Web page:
Transforming our research and action for biodiversity future
ISF’s Dr Federico Davila tells about his latest co-authored publication in Nature Sustainability, which discusses possible future scenarios and the importance of imagination for biodiversity conservation. The paper is one of the culminating findings from the multi-year initiative Biodiversity Revisited, led by the Luc Hoffmann Institute, WWF, in partnership with ETH Zurich and Cambridge University, Future Earth, and University College London.
Photo: Participants from the Biodiversity Revisited initiative in Bellagio, February 2020.
What is Biodiversity Revisited and why is it important?
Biodiversity Revisited has recently concluded. For two years, the initiative focused on conducting a global, collaborative review of the narratives, principles, and practices underpinning biodiversity. The project included more than 300 experts from different countries, sectors, disciplines, and career stages. It was built on principles of knowledge diversity inclusion, and used existing science of biodiversity to ask critical questions on what can be done differently to transform how we manage biodiversity.
The project is important because despite an abundance of scientific evidence saying that biodiversity is under critical threat, global efforts have failed to transform how we manage biodiversity and our relationship with it.
What is the Nature Sustainability publication about?
At its core, the commentary argues that we must move beyond an 'us vs them' mentality and build inclusive and diverse futures. Conservation can no longer live in linear, siloed spaces, but must take a fresh, conscious, integrated approach. Our futures depend on innovation and collaboration, people and nature, justice and eco-sustainability, gender equity and development.
The commentary proposes tools from the fields of anticipatory and futures thinking, which enable creativity and imagination of what could or should occur to help us guide biodiversity actions. Thinking about the future, we argue, is deeply political and deeply embedded in our world-views and socio-cultural systems.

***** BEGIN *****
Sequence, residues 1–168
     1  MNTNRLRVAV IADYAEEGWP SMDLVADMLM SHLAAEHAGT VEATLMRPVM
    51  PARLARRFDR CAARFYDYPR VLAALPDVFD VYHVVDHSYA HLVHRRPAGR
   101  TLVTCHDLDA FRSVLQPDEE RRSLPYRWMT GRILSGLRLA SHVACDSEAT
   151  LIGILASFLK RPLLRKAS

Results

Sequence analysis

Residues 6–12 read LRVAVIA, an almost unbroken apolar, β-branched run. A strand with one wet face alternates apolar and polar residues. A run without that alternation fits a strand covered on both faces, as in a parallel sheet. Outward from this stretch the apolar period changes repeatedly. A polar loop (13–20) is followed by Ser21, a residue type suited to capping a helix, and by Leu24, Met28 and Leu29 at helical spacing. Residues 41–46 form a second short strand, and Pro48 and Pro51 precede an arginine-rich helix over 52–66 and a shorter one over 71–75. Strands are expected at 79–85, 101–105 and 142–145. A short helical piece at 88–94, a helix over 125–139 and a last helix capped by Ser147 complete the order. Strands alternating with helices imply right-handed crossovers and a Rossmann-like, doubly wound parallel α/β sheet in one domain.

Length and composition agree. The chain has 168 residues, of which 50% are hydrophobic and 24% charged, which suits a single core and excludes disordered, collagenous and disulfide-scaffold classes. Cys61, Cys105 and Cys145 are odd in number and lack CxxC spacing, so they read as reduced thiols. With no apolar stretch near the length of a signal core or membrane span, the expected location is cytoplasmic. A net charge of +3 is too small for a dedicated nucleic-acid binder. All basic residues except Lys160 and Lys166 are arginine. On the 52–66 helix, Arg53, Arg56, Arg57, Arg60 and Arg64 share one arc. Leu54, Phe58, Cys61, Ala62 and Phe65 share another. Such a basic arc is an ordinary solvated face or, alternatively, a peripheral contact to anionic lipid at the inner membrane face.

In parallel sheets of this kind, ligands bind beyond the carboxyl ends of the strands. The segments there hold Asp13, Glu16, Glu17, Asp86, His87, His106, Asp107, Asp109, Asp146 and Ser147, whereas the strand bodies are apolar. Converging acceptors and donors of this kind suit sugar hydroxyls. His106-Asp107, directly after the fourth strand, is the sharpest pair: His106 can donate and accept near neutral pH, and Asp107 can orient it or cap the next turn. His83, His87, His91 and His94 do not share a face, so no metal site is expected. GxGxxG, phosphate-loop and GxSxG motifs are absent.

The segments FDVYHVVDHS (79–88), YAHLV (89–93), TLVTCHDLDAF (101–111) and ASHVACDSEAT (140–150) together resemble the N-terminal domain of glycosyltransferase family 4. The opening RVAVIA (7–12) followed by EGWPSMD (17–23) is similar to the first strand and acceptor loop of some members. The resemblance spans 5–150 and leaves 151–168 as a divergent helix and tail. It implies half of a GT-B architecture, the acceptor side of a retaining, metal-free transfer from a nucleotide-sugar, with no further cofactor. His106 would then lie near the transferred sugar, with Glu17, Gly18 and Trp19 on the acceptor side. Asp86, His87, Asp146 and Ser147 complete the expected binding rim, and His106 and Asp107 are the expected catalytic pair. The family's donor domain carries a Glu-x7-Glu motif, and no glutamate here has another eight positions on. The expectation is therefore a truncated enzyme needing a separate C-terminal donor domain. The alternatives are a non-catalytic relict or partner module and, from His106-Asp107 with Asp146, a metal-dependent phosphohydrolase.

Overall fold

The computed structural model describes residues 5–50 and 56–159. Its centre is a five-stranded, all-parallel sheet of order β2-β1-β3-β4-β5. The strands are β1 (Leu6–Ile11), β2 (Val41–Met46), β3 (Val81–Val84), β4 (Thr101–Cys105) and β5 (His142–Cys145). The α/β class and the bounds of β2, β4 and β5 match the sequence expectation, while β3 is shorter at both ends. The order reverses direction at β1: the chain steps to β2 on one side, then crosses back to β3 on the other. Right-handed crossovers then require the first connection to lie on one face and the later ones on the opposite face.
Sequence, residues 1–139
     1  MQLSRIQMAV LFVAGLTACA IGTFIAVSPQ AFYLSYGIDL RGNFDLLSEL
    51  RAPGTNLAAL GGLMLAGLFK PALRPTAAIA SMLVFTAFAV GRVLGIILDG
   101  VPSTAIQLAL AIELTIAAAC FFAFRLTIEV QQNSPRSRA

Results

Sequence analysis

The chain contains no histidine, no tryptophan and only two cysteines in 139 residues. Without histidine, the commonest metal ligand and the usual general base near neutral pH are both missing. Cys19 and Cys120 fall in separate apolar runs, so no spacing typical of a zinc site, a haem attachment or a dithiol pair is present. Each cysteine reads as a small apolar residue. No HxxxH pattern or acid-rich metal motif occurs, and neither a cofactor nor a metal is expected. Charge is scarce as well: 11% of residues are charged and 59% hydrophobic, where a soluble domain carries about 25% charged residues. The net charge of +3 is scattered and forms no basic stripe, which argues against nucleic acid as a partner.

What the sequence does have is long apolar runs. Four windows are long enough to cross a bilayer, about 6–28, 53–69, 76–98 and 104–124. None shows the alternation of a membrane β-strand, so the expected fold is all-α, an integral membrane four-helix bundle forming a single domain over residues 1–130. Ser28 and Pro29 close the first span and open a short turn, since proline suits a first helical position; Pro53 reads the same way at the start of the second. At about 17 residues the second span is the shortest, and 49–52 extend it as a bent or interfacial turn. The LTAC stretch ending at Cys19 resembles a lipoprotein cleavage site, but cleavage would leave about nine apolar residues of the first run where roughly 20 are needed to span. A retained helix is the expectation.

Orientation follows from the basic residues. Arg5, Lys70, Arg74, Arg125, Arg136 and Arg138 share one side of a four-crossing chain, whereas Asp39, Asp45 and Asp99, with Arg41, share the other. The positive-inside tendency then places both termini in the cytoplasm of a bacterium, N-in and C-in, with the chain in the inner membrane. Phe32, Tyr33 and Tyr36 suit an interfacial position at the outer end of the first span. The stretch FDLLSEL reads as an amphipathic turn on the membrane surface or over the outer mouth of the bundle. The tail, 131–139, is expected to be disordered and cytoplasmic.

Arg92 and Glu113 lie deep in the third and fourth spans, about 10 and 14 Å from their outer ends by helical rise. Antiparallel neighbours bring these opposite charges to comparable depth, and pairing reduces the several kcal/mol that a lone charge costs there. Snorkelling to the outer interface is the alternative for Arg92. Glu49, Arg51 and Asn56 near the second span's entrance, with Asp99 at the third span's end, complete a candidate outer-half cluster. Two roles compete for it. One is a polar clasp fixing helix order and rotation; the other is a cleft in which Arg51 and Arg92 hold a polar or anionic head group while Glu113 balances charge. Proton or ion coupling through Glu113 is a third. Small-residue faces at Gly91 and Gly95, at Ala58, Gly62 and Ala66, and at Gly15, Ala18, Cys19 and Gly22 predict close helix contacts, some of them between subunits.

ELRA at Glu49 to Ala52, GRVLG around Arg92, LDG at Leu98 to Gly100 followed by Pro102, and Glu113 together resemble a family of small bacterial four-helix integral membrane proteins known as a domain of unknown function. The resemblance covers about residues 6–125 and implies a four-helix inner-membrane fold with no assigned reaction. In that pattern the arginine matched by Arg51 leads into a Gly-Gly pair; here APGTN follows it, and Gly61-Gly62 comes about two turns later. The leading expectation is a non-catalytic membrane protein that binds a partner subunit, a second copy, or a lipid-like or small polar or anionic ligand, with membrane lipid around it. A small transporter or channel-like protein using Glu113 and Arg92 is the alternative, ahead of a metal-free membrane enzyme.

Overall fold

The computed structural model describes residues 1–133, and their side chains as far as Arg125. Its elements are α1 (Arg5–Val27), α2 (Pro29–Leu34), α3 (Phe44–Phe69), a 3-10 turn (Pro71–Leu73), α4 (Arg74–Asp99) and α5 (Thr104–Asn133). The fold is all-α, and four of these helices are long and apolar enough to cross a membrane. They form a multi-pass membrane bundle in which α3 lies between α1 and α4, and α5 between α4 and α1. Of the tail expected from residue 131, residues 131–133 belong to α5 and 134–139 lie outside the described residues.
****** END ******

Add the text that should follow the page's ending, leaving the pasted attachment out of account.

The commentary appears in the latest issue of Nature Sustainability and is available open access for four weeks. Underpinning the commentary is the Research and Action agenda developed by the project, which has four major chapters on how we can do biodiversity research and practice differently.
What has been unique about Biodiversity Revisited?
There are three major characteristics of Biodiversity Revisited that have made it unique. The first is its focus on inclusion and diversity of perspectives, values, and cultures. The project leadership team went to substantial lengths to invite participants from different career stages, geographies, genders, and disciplines. This provided very rich, but also very complex, discussions on how to advance the research.
The second was the diversity of outputs. The initiative attracted, for example, outstanding early-career essays through a competition, giving an opportunity for up-and-coming professionals to contribute to the research project. We also produced a Research and Action agenda, the Nature Sustainability commentary, a Fuller Seminar webinar attended by 100 people, and a substantial amount of social media outputs.
The third was the focus on taking a rigorous co-production approach to the project – something very hard to do with so many voices involved. The project leaders managed to create a safe space for complex deliberations that brought together different knowledge and perspectives. Replicating this at this scale will be an important challenge for those seeking to pursue genuine co-production in future sustainability projects.
What are the implications for research and policy from this project?
We hope there is something for everyone in both the Nature Sustainability commentary and in the Research and Action agenda. This is a research piece, and draws from many disciplines that traditionally do not engage with biodiversity issues. We hope it can complement and advance existing work in policy and research to support future biodiversity. The action focus is important, as we call for research to have an impact orientation and focus generating positive change. Action also calls for increased use of evidence in decision-making to increase our chances of conserving biodiversity for future generations.
The Nature Sustainability commentary is here.
The Biodiversity Revisited Research and Action Agenda is here.
The webinar to the Fuller Seminar is here.
The Biodiversity Revisited Initiative was supported by generous funding from the MAVA Foundation, the NOMIS Foundation, and WWF. In addition, The Rockefeller Foundation and the Foundation for Environmental Conservation generously supported two writing workshops in Bellagio (17-21 February 2020) and in Davos (22-25 February 2020), respectively, which were instrumental in finalising the Research and Action Agenda.